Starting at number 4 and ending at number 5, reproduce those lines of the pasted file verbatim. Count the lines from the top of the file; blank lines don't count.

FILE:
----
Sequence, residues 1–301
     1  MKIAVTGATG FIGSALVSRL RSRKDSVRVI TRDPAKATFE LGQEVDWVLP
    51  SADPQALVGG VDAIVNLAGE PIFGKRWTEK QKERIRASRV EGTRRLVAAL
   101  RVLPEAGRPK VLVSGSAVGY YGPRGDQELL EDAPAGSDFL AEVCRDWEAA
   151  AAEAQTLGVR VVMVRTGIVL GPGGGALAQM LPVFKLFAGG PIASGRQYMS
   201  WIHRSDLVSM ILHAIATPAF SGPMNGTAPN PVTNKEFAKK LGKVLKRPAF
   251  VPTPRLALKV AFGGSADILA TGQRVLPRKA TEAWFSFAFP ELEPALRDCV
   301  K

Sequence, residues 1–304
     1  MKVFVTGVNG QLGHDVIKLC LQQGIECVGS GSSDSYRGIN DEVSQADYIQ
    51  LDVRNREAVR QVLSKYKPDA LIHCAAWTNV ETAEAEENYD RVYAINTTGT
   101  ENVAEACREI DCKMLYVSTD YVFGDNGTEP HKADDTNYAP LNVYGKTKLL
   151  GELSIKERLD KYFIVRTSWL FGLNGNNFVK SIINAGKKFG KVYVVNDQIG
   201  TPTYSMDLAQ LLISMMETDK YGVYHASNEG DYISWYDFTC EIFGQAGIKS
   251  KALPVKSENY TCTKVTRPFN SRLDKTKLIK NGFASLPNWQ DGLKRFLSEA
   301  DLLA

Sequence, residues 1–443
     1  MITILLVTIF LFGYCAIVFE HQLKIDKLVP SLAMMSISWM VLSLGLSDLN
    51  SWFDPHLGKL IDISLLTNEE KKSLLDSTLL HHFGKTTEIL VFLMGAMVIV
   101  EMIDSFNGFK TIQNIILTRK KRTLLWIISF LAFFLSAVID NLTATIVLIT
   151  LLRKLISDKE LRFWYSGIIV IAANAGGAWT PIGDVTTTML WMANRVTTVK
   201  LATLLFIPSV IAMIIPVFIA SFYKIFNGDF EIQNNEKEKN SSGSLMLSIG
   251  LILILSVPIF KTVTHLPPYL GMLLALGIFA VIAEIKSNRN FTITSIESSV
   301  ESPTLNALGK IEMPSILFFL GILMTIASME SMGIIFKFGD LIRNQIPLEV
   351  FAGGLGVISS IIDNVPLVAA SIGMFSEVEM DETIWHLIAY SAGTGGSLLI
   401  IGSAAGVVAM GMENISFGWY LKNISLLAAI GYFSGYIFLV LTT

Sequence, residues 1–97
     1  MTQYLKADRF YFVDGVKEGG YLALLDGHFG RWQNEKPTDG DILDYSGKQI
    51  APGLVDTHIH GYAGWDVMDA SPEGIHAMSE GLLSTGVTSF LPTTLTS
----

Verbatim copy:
   101  RVLPEAGRPK VLVSGSAVGY YGPRGDQELL EDAPAGSDFL AEVCRDWEAA
   151  AAEAQTLGVR VVMVRTGIVL GPGGGALAQM LPVFKLFAGG PIASGRQYMS